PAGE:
Search Results for 'media centre'

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History made during NUIG stopover

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From early Tuesday morning 140 members of the international, national, and local press gathered at the media centre at NUI Galway in anticipation of the first stopover of the royal visit.

People reskilling must be trained in relevant sectors states An Taoiseach

An Taoiseach Enda Kenny has commended the work done by Áras Inis Gluaire in developing the centre as a new media training hub in Mayo.

Successful radio diploma course enters its sixth year

The Galway and Roscommon Education and Training Board is offering its highly successful diploma in radio studio production again this October at its media centre in Gort. The City & Guilds diploma is a 40 week course which aims to equip students with the knowledge and skills necessary to enter the radio industry either at home or abroad. The course is due to commence on October 20 next. It stands out among other courses in that participants are trained for industry, by industry professionals. Anyone interested should register for the course at the local employment services or Intreo office. Training allowances are available to eligible students.

It’s not just in politics that a week is a long time

A week, they say, is a long time in politics. A week in football can be an eternity. Wee James McCartan was being championed as the Messiah last week before the final, the man who resurrected the fortunes of a Down side whose season was full of mediocrity up until the back door stage. He was being hailed as the man who re-energised his troops after they were beaten in the Ulster championship by Tyrone. In fairness, his Down side were liberated once they went in through the back door to begin their tour of the country and there was an incremental improvement in each and every performance as they progressed towards last Sunday’s final. This week McCartan’s performance as manager is being scrutinised in great detail with many in his native county questioning some of his decision-making on the line. I can understand why, as a narrow defeat normally means a huge post-mortem of the losing team’s performance. Before last Sunday’s match everyone suggested that the midfield sector was going to be crucial. It was generally perceived that if Down could manage a supply of decent ball into their pacey forwards, they would be in with a mighty chance of success. Last Sunday they were annihilated in this crucial sector. Cork won 70 per cent of the kick outs and the scale of their dominance was key to their triumph. The Down goalkeeper, Brendan McVeigh, on the other hand, never varied his kickouts throughout the afternoon and it does beg the question why he persisted in making heroes out of both Nicholas Murphy and Aidan Walsh. A more puzzling decision was the substitution of Paul McComiskey with 15 minutes remaining on the clock. He was playing brilliantly all afternoon, kicking three points and giving his opponent the run around. That decision left many perplexed.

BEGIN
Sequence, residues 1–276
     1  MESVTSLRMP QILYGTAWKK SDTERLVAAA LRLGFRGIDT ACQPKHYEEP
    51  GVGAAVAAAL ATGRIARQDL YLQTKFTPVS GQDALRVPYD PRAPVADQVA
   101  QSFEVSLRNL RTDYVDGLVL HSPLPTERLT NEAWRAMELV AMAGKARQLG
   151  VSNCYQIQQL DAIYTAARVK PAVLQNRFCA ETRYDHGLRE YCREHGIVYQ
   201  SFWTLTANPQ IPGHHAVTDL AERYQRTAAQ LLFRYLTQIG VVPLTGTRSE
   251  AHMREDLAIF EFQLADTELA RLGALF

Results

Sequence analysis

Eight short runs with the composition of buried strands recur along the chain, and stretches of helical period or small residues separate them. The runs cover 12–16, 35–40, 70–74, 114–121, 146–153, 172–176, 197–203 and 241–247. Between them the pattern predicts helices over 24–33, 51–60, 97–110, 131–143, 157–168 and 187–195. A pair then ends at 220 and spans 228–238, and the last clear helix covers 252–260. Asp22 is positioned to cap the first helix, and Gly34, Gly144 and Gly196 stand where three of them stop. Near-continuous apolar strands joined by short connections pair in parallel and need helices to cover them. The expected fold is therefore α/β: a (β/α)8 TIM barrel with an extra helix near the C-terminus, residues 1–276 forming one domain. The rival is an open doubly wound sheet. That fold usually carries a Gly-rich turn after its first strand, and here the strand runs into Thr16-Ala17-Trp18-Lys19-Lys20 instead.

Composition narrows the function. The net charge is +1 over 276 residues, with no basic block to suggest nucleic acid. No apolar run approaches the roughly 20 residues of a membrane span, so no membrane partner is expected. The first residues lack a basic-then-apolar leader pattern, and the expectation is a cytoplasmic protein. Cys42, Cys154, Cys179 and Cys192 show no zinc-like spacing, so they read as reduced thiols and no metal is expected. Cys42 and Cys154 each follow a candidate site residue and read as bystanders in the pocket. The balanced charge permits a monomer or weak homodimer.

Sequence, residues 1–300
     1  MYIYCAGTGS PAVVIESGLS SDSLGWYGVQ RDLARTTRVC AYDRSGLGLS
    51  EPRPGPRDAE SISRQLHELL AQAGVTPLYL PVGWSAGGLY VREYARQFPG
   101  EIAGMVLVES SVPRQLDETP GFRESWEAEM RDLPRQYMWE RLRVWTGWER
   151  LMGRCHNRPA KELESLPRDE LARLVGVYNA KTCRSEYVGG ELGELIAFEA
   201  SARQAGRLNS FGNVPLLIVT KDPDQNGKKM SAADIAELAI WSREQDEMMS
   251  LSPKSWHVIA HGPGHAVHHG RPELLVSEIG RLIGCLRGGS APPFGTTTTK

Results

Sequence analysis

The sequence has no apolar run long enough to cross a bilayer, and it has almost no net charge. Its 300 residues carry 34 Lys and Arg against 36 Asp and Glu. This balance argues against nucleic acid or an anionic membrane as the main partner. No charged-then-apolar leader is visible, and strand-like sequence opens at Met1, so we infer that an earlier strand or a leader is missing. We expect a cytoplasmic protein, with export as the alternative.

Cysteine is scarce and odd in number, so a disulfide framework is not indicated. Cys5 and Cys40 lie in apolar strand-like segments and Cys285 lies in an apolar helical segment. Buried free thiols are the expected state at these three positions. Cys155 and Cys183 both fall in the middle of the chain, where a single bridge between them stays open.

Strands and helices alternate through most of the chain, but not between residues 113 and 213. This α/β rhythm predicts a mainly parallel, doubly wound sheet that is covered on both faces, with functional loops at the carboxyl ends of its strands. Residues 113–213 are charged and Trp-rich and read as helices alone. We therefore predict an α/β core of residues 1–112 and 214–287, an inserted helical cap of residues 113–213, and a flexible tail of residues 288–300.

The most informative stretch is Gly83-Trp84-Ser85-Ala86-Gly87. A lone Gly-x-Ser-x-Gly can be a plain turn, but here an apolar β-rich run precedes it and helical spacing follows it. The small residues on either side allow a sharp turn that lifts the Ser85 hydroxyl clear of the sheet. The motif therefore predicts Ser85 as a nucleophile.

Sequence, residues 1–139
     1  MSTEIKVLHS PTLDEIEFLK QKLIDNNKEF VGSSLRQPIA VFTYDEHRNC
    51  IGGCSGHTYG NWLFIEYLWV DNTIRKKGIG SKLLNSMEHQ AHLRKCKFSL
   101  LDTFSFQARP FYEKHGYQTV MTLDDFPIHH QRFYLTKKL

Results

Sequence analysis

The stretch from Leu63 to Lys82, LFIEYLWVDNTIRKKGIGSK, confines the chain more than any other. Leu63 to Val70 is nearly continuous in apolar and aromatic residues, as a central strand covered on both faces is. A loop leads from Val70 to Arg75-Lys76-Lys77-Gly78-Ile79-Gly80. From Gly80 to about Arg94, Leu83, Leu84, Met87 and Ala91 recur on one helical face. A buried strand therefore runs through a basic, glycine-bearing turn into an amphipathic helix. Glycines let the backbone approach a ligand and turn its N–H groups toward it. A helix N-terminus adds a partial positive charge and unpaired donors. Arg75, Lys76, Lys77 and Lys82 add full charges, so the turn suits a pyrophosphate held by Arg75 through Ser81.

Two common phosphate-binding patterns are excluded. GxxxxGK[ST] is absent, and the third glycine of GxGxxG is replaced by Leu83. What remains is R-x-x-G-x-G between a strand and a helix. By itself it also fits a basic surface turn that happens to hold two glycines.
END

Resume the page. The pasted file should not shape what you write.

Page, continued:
The Galway Races — a brief history

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The Galway Races are such an intrinsic part of the local as well as national culture, it seems like they have been taking place forever. For many people the Galway Races are the event to go to and they are looking forward to it all year long. To some the main attraction of the event is the old friends and new people you get to meet, to others it’s the atmosphere of excitement and glamour, and to others still it’s the very passion for watching horses race and perhaps engage in a little betting. Although the first Ballybrit race meeting, lasting two days, took place in 1869, a lot has changed since.

Galway company and VoSKY team up for low cost calls for Volvo stopover

Galway-based telecoms specialist Calimar is working in partnership with the Volco Ocean Race team to help reduce the cost of international calls for race team members, staff, and the internatinal press during the Galway stopover of the Volvo Ocean Race.

A bandwidth the size of Tuam to power Volvo Ocean Race stopover

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Galway is set to transform into a technological powerhouse during the two-week Volvo Ocean Race stopover event from May23 to June 6.

Dragon flys

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By its very nature the 35,000 mile Volvo Ocean Race that started from Alicante on Saturday attracts the hardiest of sailors. They are usually men with tough teak muscles and a hell of a lot of fortitude, capable of withstanding the roughest of seas in temperatures that can range from -5 to 50 Celcius.

 

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